ABSTRACT: Nociceptive nerves innervate the skin and play an important role in the generation of neuropathic pain. However, it remains elusive whether and how nociceptive nerve terminals degenerate in neuropathic pain conditions. To address this issue, we investigated cutaneous innervation in a model of painful mononeuropathy, the chronic constriction injury (CCI). The hind paws of rats were immunocytochemically stained with a pan-axonal marker, protein gene product 9.5 (PGP 9.5). Within 2 days after CCI, rats exhibited thermal hyperalgesia, and there was a partial depletion of epidermal nerves. The extent of reduction in epidermal nerves after CCI was variable with an epidermal nerve density of 3.65 +/- 1.97 fibers/mm (compared to 15.39 +/- 1.58 fibers/mm on the control side, P < 0.02). There was a mild but concomitant increase in PGP 9.5 (+) Langerhans cells in the epidermis of the skin with CCI (10.19 +/- 1.99 vs 7.75 +/- 1.36 cells/mm, P < 0.05). In the skin denervated by tight ligation of the sciatic nerve, epidermal nerves were completely depleted (0 fibers/mm vs. 12.26 +/- 1.44 fibers/mm on the control side, P < 0.001). Animals with tight ligation of the sciatic nerve exhibited thermal anesthesia. These findings suggest that the epidermis is partially denervated in CCI, and that a partial injury of nerves is correlated with the development of neuropathic pain.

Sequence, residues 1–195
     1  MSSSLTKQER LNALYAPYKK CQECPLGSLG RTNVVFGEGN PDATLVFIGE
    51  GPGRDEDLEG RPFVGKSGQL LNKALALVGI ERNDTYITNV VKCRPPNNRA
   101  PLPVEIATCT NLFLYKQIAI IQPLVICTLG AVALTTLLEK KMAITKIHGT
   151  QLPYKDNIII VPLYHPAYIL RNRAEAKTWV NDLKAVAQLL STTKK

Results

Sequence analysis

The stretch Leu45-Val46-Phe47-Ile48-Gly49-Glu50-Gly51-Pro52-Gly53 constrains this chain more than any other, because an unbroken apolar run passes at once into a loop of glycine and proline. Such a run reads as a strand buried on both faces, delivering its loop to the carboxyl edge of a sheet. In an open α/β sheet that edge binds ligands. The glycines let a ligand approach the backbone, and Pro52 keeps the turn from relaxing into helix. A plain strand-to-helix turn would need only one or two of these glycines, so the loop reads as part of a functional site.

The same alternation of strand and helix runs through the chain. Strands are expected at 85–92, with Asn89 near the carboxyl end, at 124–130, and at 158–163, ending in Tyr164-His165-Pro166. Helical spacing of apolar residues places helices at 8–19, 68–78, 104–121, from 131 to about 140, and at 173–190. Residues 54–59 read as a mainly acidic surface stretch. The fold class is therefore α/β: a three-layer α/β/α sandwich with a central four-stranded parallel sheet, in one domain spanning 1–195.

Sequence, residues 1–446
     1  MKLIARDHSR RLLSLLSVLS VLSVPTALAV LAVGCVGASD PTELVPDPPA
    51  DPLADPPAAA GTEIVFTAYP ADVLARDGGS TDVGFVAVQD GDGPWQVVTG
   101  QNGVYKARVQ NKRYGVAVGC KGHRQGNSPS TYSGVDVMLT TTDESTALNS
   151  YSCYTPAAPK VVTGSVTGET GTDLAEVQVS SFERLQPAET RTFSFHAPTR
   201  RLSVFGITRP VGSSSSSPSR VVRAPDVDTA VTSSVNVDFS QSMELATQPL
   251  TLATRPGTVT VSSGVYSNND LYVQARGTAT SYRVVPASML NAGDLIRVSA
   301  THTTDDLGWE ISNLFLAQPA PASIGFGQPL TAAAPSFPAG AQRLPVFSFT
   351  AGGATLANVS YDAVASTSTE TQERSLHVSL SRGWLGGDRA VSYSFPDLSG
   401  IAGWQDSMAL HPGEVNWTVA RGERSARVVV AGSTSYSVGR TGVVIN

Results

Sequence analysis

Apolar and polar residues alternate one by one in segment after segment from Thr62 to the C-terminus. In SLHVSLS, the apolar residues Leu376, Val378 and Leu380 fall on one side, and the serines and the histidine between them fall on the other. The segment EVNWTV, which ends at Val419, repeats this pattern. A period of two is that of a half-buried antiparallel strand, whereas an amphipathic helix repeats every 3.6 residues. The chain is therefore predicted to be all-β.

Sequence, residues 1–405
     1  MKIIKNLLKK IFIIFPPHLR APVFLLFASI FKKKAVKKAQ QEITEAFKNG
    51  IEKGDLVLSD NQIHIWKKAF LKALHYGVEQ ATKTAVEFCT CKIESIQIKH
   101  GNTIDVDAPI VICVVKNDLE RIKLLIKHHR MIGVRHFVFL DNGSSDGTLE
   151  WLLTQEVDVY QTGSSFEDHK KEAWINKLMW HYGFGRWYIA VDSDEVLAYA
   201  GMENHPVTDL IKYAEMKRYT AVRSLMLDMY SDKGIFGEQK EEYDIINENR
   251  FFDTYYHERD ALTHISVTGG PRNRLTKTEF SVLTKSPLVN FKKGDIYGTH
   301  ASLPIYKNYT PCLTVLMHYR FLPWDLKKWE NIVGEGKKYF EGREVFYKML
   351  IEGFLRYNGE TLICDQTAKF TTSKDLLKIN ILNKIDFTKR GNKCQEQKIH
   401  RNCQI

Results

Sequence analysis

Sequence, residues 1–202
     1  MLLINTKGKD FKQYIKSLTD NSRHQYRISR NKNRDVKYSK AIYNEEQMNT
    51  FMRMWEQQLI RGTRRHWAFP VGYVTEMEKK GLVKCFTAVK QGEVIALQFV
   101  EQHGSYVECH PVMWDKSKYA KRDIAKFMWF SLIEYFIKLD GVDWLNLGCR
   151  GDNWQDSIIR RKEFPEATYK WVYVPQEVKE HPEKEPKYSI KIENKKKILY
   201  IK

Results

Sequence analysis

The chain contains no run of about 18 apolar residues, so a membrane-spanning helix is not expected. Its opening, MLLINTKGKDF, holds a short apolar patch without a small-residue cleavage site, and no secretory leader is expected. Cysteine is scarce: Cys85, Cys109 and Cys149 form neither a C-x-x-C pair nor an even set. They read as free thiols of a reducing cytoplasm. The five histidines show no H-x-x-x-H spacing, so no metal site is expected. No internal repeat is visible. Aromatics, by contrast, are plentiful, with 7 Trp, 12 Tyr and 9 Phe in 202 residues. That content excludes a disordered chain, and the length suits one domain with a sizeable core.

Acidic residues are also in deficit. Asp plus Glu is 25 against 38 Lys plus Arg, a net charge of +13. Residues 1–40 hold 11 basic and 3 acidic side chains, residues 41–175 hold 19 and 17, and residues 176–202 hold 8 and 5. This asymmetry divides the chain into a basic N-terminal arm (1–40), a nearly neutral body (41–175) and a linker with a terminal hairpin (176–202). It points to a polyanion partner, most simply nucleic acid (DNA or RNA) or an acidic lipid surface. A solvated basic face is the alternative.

Experimental Neurology 08/2001; 170(2):290-6. · 4.70 Impact Factor